We used theory-based, evidence-based and person-based approaches to develop the online intervention.16–18 Guidelines for developing complex interventions emphasise that interventions should be informed by reviews of the current evidence-base, appropriate theory, and an in-depth understanding of the context in which the intervention will be implemented.19 The person-based approach to intervention development uses iterative qualitative research to understand and accommodate the perspectives of the intervention’s target group.20

Intervention development was carried out in two phases. In phase I, we collated and synthesised evidence relating to patient behaviours that are likely to reduce eczema severity and the perspectives of young people with eczema (person-based and evidence-based approach). This evidence guided decisions regarding the intervention’s target behaviours and provided us with an in-depth understanding of the key issues, needs and behavioural challenges of this target group. Theory-based approaches (behavioural analysis and logic modelling) were used to develop and illustrate the intervention’s hypothesised programme theory, that is, the hypothesised mechanisms of action by which the intervention components exert their effects.19 21 In phase II, we carried out iterative qualitative think-aloud interviews to gather user feedback on the intervention prototype and optimise it based on this feedback.22 The methods and results for each phase are reported below.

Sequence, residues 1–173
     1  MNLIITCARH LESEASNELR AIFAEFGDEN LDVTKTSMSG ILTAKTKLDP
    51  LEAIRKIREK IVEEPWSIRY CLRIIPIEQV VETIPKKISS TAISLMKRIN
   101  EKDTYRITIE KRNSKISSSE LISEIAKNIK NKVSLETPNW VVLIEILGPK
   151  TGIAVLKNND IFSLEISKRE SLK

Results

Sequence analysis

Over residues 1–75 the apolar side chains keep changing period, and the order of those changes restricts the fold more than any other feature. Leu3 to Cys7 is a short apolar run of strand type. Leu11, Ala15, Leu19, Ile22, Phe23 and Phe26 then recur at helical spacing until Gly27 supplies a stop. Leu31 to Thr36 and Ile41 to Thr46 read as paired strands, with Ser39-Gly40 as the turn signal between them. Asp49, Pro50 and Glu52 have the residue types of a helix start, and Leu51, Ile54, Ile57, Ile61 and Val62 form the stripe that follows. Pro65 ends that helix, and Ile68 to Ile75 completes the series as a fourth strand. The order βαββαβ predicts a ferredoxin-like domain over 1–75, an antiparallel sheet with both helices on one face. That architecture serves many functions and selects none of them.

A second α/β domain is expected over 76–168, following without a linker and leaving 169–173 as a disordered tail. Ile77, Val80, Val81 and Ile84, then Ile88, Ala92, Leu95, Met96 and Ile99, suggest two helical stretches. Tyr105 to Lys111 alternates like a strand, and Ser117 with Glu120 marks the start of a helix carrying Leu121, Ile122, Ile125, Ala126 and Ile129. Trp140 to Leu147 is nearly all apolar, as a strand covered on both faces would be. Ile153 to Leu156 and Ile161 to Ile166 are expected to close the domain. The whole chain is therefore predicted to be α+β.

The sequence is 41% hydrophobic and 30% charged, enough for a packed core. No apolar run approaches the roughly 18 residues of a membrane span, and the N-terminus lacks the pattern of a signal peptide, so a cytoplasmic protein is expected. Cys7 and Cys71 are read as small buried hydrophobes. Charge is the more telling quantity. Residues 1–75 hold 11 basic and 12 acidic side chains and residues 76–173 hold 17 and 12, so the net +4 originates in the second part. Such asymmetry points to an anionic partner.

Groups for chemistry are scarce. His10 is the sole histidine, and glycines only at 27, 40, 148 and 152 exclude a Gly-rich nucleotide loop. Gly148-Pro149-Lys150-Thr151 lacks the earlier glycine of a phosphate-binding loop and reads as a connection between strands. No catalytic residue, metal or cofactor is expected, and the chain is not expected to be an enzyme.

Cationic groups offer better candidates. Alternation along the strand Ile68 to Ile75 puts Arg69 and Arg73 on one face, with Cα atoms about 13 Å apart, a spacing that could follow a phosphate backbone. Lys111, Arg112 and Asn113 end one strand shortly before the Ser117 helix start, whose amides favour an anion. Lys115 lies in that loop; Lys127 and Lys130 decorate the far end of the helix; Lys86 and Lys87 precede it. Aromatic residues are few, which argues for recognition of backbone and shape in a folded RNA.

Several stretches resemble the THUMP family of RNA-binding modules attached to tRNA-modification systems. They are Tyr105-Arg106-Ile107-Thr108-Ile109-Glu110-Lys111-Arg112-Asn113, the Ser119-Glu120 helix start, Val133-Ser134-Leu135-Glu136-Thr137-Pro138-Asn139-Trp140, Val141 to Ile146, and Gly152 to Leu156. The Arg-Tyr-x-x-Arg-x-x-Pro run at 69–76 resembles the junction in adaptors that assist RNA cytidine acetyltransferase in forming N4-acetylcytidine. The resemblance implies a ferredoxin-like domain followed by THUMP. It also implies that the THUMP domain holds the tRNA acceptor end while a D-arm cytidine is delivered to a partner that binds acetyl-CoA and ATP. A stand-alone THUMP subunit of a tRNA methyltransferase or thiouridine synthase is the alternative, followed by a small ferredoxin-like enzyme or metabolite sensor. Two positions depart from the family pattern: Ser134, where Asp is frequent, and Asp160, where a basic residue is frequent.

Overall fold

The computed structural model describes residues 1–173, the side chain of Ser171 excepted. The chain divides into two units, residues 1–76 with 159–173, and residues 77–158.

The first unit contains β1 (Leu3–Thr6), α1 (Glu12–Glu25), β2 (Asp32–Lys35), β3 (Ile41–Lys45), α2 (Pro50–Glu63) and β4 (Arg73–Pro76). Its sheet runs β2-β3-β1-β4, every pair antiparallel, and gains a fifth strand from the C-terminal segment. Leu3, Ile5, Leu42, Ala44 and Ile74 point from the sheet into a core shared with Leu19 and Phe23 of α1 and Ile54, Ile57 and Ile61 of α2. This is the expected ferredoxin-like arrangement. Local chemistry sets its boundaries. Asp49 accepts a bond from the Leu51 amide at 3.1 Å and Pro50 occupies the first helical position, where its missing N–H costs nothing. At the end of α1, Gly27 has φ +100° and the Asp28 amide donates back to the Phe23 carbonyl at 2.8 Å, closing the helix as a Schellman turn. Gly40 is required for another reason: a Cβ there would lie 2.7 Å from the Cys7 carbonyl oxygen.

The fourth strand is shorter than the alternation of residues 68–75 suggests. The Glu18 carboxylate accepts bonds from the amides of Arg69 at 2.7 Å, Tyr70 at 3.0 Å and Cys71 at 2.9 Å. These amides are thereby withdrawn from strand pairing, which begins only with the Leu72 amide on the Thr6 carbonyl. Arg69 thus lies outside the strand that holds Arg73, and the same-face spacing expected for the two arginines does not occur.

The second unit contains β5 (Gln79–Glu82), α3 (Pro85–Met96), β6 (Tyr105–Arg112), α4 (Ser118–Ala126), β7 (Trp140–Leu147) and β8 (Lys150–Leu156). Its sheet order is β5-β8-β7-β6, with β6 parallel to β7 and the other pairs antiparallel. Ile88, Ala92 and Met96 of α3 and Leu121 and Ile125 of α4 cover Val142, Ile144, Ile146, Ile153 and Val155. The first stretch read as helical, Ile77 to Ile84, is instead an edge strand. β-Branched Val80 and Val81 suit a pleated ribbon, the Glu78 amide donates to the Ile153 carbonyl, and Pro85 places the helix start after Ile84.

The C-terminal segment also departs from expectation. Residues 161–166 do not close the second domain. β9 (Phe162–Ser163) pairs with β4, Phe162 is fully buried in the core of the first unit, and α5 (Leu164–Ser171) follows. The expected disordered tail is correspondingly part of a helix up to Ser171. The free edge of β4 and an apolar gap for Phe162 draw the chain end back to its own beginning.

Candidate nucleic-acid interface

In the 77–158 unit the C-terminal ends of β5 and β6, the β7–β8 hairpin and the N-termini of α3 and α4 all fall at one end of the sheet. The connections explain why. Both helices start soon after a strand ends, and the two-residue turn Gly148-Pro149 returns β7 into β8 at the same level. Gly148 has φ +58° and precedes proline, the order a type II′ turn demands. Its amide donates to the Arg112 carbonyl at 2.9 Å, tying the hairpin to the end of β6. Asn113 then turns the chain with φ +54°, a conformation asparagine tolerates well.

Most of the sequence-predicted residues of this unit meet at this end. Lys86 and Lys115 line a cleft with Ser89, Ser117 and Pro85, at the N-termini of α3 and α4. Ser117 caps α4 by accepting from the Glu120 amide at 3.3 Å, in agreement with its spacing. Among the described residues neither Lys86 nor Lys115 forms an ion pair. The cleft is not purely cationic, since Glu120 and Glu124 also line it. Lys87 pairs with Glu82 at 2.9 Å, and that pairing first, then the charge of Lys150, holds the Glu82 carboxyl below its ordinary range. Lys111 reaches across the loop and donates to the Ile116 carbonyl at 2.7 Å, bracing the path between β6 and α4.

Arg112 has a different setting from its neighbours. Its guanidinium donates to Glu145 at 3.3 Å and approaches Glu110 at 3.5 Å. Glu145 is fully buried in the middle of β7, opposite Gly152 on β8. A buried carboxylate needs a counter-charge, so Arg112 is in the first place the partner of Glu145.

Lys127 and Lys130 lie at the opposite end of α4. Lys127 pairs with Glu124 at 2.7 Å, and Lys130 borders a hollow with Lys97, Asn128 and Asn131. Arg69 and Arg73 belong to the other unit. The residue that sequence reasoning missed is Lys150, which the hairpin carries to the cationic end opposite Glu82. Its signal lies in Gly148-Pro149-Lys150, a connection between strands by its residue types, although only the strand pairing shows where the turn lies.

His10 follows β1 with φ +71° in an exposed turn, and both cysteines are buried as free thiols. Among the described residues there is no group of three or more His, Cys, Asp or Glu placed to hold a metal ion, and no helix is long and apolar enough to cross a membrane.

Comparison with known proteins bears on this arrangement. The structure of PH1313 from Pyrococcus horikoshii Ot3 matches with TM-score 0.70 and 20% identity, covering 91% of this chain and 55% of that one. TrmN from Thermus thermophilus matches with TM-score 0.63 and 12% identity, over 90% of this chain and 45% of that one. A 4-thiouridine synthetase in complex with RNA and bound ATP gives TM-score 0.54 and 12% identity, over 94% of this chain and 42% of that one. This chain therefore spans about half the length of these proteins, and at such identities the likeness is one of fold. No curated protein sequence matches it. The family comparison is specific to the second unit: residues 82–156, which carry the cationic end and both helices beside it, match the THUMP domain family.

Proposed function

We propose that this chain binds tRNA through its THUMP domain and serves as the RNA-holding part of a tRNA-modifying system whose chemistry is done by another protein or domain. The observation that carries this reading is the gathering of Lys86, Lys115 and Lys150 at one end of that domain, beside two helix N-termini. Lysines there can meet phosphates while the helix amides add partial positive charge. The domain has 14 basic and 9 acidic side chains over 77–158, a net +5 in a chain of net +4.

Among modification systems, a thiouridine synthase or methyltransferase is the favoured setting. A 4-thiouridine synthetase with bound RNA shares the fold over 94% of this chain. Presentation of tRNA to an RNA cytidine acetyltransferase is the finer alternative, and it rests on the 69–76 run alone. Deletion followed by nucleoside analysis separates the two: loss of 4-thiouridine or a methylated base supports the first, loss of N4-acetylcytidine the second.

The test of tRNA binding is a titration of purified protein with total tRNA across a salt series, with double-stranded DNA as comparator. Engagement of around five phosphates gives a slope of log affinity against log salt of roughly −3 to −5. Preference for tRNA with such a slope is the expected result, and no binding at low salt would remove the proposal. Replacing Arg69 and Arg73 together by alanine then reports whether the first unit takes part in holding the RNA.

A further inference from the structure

Both phases were guided by a multidisciplinary intervention development group, which comprised 18 members including patient and public involvement (PPI), dermatologists, a nurse consultant, researchers with an interest in eczema, General Practitioners, health psychologists, and experts in intervention development, writing patient-friendly health information and long-term conditions in adolescents. Through regular meetings and reviewing documents, this group guided the design of the research, helped with the interpretation of the research findings and provided detailed feedback on the intervention plans, written content, website design and prototypes for both online interventions (young people and parents and carers of children with eczema). The intervention development process is illustrated in figure 1.

Figure 1

Intervention development process for Eczema Care Online (ECO) intervention. EBA, evidence-based approach; PBA, person-based approach; TBA, theory-based approach.

Patient and public involvement